In an age of Black Lives Matter and #MeToo, it is no longer possible for institutional investors to avoid their stakeholders’ views and feelings about diversity, equity and inclusion. As investors target more positive social impact through their allocations, asset managers are incorporating measures and practices that aim to resolve some of the agriculture industry’s longstanding imbalances.

It is not just investor pressure, though. There is a growing awareness that only through improved DE&I practices can a more sustainable world emerge. The incorporation of environmental, social and governance concerns into corporate strategies is also becoming increasingly important for customers of agribusinesses.

The Principles for Responsible Investment, a United Nations-backed organization promoting responsible investment and representing a large number of investors, says companies should carry out traceability reviews of their supply chains to ensure fair labor practices at their suppliers.

This includes disaggregating information on labor by gender “as a minimum”, and the organization says companies should consider including other metrics such as nationality, socioeconomic background, race and ethnicity, disability and age. “This will allow [businesses] to better understand working conditions for different groups in society and adapt interventions depending on those most affected,” the PRI notes.

Sustainable practices

The agriculture sector is crucial to several of the UN’s 17 Sustainable Development Goals for 2030 and their 169 underlying indicators and targets. SDG 2 (zero hunger) and SDG 15 (life on land) are the most obvious in this regard. However, SDG 5 (gender equality) specifically cites female ownership of agricultural land as a key indicator of equality, under its target of giving women equal rights to resources where they currently remain underrepresented.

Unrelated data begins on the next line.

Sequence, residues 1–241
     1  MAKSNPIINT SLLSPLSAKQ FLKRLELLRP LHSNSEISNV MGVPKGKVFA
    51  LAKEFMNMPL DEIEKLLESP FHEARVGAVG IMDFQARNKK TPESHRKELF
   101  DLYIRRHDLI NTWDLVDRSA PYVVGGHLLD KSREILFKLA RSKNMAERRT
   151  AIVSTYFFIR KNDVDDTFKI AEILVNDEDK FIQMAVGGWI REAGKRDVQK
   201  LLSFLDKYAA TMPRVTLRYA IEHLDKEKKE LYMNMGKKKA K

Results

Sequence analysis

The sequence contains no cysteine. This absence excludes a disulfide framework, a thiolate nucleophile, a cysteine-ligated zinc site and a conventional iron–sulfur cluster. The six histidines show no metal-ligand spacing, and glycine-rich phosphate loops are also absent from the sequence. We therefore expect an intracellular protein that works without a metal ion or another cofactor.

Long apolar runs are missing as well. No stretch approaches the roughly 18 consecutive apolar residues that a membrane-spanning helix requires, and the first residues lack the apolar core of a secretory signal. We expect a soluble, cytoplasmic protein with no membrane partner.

Although many of the efforts directly linked to the SDGs are focused on emerging economies, it would be wrong to suggest that this is a purely developing world issue. Indeed, even in markets as established and developed as the US, there is much room for improvement in terms of agricultural equality.

The US Department of Agriculture most recent census of the sector, in 2017, found that 95 percent of the country’s farmers – some 3.2 million people – were white, while just 1.3 percent, or 45,508, were Black. Furthermore, just 36 percent of farmers were women – though this was a significant improvement on the survey’s 2012 findings.

Tackling the under-representation of women in agriculture remains a difficult issue, particularly during the covid-19 pandemic, which has seen some revert to perceived ‘traditional’ roles as caregivers.

According to a global survey by Women in Food & Agriculture in 2020, 26 percent of respondents acted as the primary caregivers for children while working from home during the pandemic, compared with 8 percent of men. Meanwhile, awareness of DE&I issues remains at a low level in farming businesses, with just 19 percent of those surveyed having a dedicated policy, compared with 49 percent of non-farmers.

According to research published in February by the Federal Reserve Bank of New York, across the wider economy, women and people from minority communities have been particularly affected by job cuts during the pandemic.

So, what are big farmland investors doing to address these issues?

Martin Davies, president and CEO of global farmland investment manager Westchester Global Investment Management, says the agriculture industry is facing two key issues: an aging demographic and a lack of interest from potential new farmers.

“The nature of agriculture work being outdoors, perceived as being unsophisticated, monotonous and invariably in isolated rural locations has low appeal to younger generations,” he explains. “Compounding the decreasing pool of talent entering the industry is the challenge of creating an inclusive environment when many employees are in rural areas.”

In an effort to address these problems, Westchester has partnered with Nuffield, a charity that supports the development of future leaders in the agricultural industry by sending them overseas to learn about global agricultural practices.

Cecilia Fialho, a 2015 Nuffield Scholar and Westchester employee in São Paulo, Brazil, says a two-year program sends scholars to countries heavily involved in agriculture, combining a practical MBA class with on-the-ground research.